Conversion to the Reformation

The question of when Calvin experienced his conversion to the Reformation is the object of countless investigations, in which the documentary evidence is sparse. Calvin himself reports that he experienced such a conversion (subita conversio).

Calvin reports no date. It must have been before 4th May 1534, for at that time Calvin went to Noyon and renounced his living – which is to be understood as a consequence of his turning away from Catholicism. The conversion could also have taken place already in 1533. That is to be accepted if Calvin was involved in the drawing up of the so-called Cop-talk. But that is uncertain.

The doctor Nikolaus Cop, rector of the Paris University, at which Calvin studied, held an address for the opening of the semester in the church of the Mathurin on 1st November 1533. This address, an interpretation of the beatitudes from the Sermon on the Mount, was in content a praise of the Gospel. Cop therefore declared his belief in the Reformation. The Franciscans, in whose church the talk was held, accused Cop immediately of heresy, and a few weeks after the talk, Cop fled from Paris to his home-town Basel. A controversial point of discussion in Calvin-research is the question of whether Cop’s talk came at least in part from Calvin. If that is true, Calvin would already have been of Reformational conviction in Autumn 1533. In October 1534 the so-called Poster Affair took place in Paris. Posters against the mass were put up in public. On them the “Lutherans,” as those of Reformational conviction were described, were named as initiators of the conspiracy against the public order and religion. Calvin had aroused attention in the run up to the poster action by declaring openly his Protestant faith and by canvassing for it energetically. In any case, Calvin also fled from Paris and searched for a quiet residence where he would be able to continue his studies. He intended to write a catechism for the French speaking Protestants. So he took off to Basel in the first few weeks of the year 1535.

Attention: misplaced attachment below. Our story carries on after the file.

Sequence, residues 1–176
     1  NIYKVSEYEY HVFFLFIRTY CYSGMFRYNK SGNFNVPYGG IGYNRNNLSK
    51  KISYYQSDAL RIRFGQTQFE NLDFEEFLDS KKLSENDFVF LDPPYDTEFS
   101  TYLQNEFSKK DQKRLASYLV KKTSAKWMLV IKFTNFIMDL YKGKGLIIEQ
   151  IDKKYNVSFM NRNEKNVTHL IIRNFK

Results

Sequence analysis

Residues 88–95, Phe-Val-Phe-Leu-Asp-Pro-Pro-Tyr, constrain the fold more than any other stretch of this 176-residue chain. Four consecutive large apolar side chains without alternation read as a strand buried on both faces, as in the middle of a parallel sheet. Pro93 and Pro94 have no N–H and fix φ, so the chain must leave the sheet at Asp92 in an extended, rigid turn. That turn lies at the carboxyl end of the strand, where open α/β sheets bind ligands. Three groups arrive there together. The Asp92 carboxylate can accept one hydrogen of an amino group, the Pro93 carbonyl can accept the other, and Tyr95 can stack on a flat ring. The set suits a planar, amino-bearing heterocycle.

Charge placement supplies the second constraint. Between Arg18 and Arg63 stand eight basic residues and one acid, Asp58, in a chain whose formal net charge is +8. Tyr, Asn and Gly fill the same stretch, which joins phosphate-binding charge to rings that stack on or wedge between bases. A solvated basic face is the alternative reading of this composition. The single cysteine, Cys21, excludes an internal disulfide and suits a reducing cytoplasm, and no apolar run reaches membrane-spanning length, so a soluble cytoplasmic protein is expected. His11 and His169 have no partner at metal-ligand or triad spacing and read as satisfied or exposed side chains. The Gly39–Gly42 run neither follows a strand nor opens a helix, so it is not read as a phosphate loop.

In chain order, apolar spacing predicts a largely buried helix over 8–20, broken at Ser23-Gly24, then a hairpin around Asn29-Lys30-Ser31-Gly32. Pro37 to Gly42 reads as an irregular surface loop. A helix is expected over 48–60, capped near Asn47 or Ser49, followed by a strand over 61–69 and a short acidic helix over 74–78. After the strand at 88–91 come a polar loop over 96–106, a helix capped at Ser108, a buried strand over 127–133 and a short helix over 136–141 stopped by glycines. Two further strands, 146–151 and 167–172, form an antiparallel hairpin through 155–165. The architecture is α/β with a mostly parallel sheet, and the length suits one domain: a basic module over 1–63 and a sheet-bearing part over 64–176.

Ultimately, one will have to be careful in the precise dating. It may have been an individual event for Calvin, but it could also have been a matter of a longer process. However, the following result remains decisive: Calvin had experienced a “conversio” by the year 1534 – a turning to the Gospel, which led to distinct consequences.